February 13, 2007
When one talks about E-governance for conservation, most of us dismiss the idea as one whose time has not come.
But an article I read at the following link called
the 100 dollar un-pc
reassures me that the day is not far when we can achieve that.
The article talks about the revolutionary product Nova net tv which is a PC costing less than Rs 5000/-
Rajesh Jain, co-founder of Novatium
says that in India’s PC market there are 10 million relatively wealthy Indians at the "top of the pyramid" who buy computers just like consumers in developed countries. There are an additional 30 million urban Indians at the "middle of the pyramid" and
100 million very poor Indians at the "bottom of the pyramid." "What we are saying is how can you dramatically bring down the entry levels for computing in this country and make it accessible to the middle of the pyramid?" he says.
Novatium’s approach has been to completely redesign the computer, slashing costs while keeping the form and functions typical
of a top-end PC. Once it’s set up, it doesn’t look all that different from a conventional PC—the basic box plus a keyboard and monitor. It installs and operates as simply as a television—you plug it in and switch it on. And the money doesn’t come from government
budgets or philanthropic largesse, but from Jain’s profit-oriented business model.
The concept owner and cofounder Prof. Jhunjhunwala and researchers at IIT came up with a plan that builds on the "thin client" concept
that has been popular in the West for years, but only for business applications. It uses a cheap microprocessor and removes the hard disk, CD/DVD drive and other costly and problem-prone components, leaving the keyboard, screen and USB port. Easier to maintain
than regular PCs, sales of thin-client PCs to businesses are growing at about 20 percent a year in developed nations, even as sales of regular PCs flatten. Instead of working backward from the PC, Jhunjhunwala pioneered a new architecture from the ground up,
replacing the expensive microprocessor with the guts of a mobile phone—thus tapping a supercompetitive industry with enormous economies of scale. In 2003, Jain and Jhunjhunwala cofounded Novatium, along with Analog Devices Chairman Ray Stata, with the aim
of taking thin-client computers into the home market.
Read the full article which appeared in News Week International at
May 23, 2006
Ashok Jhunjhunwala of Indian Institute of Technology (IIT), Madras, is the key expert behind innovation of cordDECT technology,a low-cost advanced Wireless Access System.
What is CorDECT Technology?
It is a wireless in a local loop (WiLL) technology. What it means is that the connection from an exchange to any home is on wireless, very much like mobile, instead of copper wires. It is a fixed wireless connection, which can be used not only for telephony
but also for Internet connectivity. It is tailor-made for broadband deployment and for rural areas.
Read more about it at
March 08, 2006
This article appeared in http://www.thinkcycle.org
The article details an initiative launched in February 2003 in Phon Kham, a village in the jungles of northern Laos: a human-powered computer called the Jhai Computer (Jhai means hearts and minds working together in Laotian).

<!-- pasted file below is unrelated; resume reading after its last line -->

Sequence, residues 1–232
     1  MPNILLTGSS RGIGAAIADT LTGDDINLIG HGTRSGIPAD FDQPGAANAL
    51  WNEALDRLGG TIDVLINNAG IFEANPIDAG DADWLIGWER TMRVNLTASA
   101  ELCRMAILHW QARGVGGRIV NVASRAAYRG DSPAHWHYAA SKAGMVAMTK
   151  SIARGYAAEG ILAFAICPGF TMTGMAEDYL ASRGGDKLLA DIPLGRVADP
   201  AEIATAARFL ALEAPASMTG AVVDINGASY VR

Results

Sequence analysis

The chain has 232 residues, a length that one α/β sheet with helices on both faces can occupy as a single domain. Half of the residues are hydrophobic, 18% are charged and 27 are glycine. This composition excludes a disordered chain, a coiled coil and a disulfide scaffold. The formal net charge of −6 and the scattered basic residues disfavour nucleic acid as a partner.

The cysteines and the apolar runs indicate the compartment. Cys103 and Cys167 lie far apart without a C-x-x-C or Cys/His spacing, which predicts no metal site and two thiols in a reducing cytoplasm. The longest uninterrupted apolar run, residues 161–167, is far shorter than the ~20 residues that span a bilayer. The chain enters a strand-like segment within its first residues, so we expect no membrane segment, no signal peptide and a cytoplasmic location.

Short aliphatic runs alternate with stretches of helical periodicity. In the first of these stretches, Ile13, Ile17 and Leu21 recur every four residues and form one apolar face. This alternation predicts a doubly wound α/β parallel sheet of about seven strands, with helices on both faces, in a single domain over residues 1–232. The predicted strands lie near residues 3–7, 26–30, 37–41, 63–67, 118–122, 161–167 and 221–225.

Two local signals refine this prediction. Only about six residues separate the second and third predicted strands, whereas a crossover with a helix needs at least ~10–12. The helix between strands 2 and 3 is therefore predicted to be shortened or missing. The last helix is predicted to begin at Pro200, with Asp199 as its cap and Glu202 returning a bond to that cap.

A villager on a stationary bicycle will make it possible for the village to connect to the Internet via wireless remote. The idea is to provide communication, because every day they sell their ducks, rice, weaving and chickens, and sell for less money than
they should because they can't know the real price down in the towns.
Organisers claim that this project is unique in that it relies on simple materials like foot pedals and wireless antennas rather than high-tech devices (or even electricity). All 200 residents of Phon Kham live in bamboo houses with thatch roofs, none of
which have electricity or telephone access.
Laos is the 10th-poorest country worldwide. The bike-pedaled generator will power a battery that in turn runs the computer, which sits in an 8-by-10-inch box. The computer will run on only 12 watts (compared to a typical computer's 90 watts). A wireless
card (an 802.11b, the current industry standard) will be hooked up to an antenna bolted on the roof of a bamboo house; the signal will be beamed from there to an antenna nailed to a tree on top of a mountain. The signal will be bounced to Phon Hong, which
sits 25 miles from Phon Kham and is the nearest big village with phone lines. The phone lines then hook to an Internet service provider. The Jhai runs on Linux software.
A Laotian IBM engineer in New York to customised the software to the Lao language. The Internet connection will enable the Jhai Computer to be used not only for e-mail, but also as a two-way telephone system (through Voice Over Internet Protocol, or VOIP).
It has no moving parts, the lid seals up tight, and you can dunk it in water and it will still run...
The idea is to be rugged, last at least 10 years and run in both the monsoon season and the dry season.
March 08, 2006
‘IT for Social Change’ (IT4SC), a network idea by Anil Shaligram who used to run a DTP centre in Maharashtra, is being implemented by him in the State.
His strategy is to conduct community IT literacy campaigns, set up IT Centers in localities. Through village network he plans to collect basic relevant data and contents on various issues, computerize these and use it for analysis, dissemination and broadcasting.